Crawles to maturity, wherewith being crown’d, Crooked eclipses gainst his glory fight, And time that gaue, doth now his gift confound. Time doth transfixe the florish set on youth, And delues the paralels in beauties brow, Feedes on the rarities of natures truth, And nothing stands but for his sieth to mow. And yet to times in hope, my verse shall stand Praising thy worth, dispight his cruell hand. Sonnet 60 starts with a very relatable illustration of a waves constantly traveling towards the shore. This is like time in that there are minutes constantly, continuing, going to their end.
Each minute or wave replacing the one that just happened, in a continuous march. Just like every wave is building in strength and then crashing again only to be followed by another in its place. Time cannot be stopped, one minute is always followed by the next in a never ending cycle. The second quatrain says that a new sun rises and with time it rises to maturity, noon, where the sun is its highest and king of the sky. Then the sun starts to set and now what once gave the sun its glory is now taking that glory back, time. This is a metaphor of a sun having a human life.
The sun starts out being born "Nativity" and then crawls like a baby until it reaches its highest point where it is "crowned" with maturity. Then the sun continues to fall back to darkness or death. "And time that gaue, doth now his gift confound" this last line concludes the metaphor with the assertion that time both gives the gift of life and then takes in away. The final quatrain goes on to explain that time destroys the perfection of youth, and carves wrinkles in a beautiful face. "And delues the paralels in beauties brow. If you replace delues with deludes and beauties brow with our forehead, then you can see that its stating that times makes wrinkles or lines across your forehead. So, time is aging us. Times also feeds on the rarities of natures perfection, and lays waste to all in its path. "And nothing stands but for his sieth to mow. " Seethe is constantly used as a metaphor for death, this is saying that nothing stands in times way, or deaths. Again the metaphor of time giving you life and then taking it away is expressed in this quatrain, though it being much darker and showing how relentless and unforgiving time can be.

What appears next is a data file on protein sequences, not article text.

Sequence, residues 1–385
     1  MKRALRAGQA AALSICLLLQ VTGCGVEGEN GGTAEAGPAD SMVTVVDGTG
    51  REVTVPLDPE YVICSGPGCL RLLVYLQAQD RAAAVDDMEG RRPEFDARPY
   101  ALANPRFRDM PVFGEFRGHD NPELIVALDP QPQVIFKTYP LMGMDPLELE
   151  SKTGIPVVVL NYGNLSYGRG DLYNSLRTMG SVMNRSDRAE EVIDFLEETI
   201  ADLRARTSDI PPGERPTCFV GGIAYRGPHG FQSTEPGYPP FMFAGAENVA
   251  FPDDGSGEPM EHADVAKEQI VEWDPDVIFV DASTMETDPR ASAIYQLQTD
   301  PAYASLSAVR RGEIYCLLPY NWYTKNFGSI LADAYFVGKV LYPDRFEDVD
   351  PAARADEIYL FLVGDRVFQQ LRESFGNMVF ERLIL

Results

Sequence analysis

This metaphor is also more relatable since it is about us and how time ages us and eventually leads to our death. "And yet to times in hope, my verse shall stand Praising thy worth, dispight his cruell hand. " These last couple of lines go on to explain that his verses shall stand the test of time, praising your worth in spite of time's cruel hand. These last lines are saying that even as time takes him, makes him old, and eventually even kills him, his poetry will live on, not affected by time's cruel hand. It looks like he was right because over five hundred years later and here we are today still reading and analyzing these works.
Time is a very relatable thing, and this sonnet explains time very well. It explains what time is, it's just seconds building on minutes continually going to their end. Time is giving, giving someone life and power, raising that person to their prime. Time is also very cruel, it takes that power and life away from that person. Time is such a simple thing, it's only seconds and then minutes, but through this sonnet it has been personified to something more, something greater. It is a giver and taker, it is life but is also death, and in the end it is time that takes us.